Gradually, pteridomania took hold and by 1870 ferns were being stripped from the countryside by the thousands of tonnes to furnish the demand for indoor and outdoor ferneries. At the same time, on a weekend, the middle classes would assemble in fern gathering parties. They would head out in to the countryside often on the new railways looking for the rare or curious variations of ferns so desired by collectors. To help them locate and identify the fifty-four-native species and hundreds of newly named varieties, many guide books on ferns were published, some pocket sized to assist these avid fern enthusiasts. The fern enthusiasts were also equipped with fern trowels, narrow hand tools that could winkle ferns out of crevices. Wickerwork baskets to carry home their new specimens and fern vasculum’s, narrow tin boxes that could hold a few ferns without damage in a moist environment. Unusual hardy fern varieties of common Lady fern such as Athyrium filix-femina ’Frizelliae’ (on display) also called the tatting fern, were highly prized. This hardy variety of fern can be bought in Finland today and added to the 38-native species to create a modern Finnish outdoor fernery.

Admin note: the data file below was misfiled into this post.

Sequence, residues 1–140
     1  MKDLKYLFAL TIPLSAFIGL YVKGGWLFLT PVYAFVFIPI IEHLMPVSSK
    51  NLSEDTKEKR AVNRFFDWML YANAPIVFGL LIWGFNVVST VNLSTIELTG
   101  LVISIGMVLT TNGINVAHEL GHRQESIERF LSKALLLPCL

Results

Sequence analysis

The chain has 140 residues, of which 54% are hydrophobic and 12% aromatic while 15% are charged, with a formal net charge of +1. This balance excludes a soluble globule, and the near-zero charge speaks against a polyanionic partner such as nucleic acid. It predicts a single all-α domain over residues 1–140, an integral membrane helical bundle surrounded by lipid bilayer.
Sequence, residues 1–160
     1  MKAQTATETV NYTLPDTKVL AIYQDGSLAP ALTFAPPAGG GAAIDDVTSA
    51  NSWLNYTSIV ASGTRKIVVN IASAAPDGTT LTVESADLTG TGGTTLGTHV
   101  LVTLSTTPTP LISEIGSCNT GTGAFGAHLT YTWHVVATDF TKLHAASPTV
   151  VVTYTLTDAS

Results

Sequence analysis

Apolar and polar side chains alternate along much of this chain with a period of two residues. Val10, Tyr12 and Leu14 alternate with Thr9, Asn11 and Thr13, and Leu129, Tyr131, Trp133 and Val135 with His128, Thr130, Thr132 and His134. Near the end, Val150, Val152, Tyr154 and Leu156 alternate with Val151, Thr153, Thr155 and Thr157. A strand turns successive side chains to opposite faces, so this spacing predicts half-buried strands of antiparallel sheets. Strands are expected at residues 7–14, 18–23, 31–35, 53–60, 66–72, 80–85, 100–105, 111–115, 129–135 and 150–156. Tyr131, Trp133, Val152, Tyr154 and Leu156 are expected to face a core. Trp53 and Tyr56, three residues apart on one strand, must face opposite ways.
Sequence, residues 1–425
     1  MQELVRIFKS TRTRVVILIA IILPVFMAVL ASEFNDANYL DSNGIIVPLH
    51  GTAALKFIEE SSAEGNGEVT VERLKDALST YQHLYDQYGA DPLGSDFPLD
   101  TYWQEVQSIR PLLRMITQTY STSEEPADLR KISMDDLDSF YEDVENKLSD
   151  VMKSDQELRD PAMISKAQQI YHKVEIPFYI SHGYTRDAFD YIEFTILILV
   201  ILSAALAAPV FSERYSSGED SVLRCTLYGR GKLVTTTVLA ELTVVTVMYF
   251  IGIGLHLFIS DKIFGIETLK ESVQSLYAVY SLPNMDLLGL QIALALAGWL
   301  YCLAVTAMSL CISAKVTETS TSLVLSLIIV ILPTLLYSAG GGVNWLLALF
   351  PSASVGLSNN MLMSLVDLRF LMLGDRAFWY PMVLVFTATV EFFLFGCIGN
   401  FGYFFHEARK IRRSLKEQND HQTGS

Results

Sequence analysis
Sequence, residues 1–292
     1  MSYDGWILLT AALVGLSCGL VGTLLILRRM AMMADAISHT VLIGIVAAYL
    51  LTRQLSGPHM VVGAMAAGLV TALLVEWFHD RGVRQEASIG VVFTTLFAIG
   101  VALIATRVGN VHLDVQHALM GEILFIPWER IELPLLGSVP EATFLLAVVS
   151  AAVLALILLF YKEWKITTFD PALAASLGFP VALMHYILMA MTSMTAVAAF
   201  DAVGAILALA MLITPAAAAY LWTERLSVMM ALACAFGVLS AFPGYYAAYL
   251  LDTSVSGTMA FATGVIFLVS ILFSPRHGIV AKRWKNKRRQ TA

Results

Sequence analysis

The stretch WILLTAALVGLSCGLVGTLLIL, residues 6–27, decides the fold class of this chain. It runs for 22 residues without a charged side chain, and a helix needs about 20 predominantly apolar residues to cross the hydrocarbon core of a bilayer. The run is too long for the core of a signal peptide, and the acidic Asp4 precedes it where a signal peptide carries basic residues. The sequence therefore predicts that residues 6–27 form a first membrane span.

Newly introduced exotic tender ferns from around the world were added to the rare native species and planted in semi underground grottos and caves roofed with glass. The walls were constructed with rock when available, but often Pulhamite, an artificial rock invented by James Pulham & Son in the 1860’s that allowed ferns to be planted between the large irregular blocks and into planting pockets cast into them was used. Small rivulets of water were constructed to run along artificial streams, under bridges and cascaded over rock walls into shaded pools, all edged with ferns. The splashing water increased the humidity and created ideal growing conditions for hundreds of different species. Narrow cobbled paths made out of rounded beach pebbles wound around these outcrops of rock encrusted with ferns to give access to gardeners and their enthusiastic fern obsessed owners. One of the very few examples of this style of fernery that still exists has been recently restored. Ascog Hall’s subterranean Victorian fernery on the Isle of Bute in western Scotland contains all of these elements, resulting in a beautiful mixture of plants, nature and design.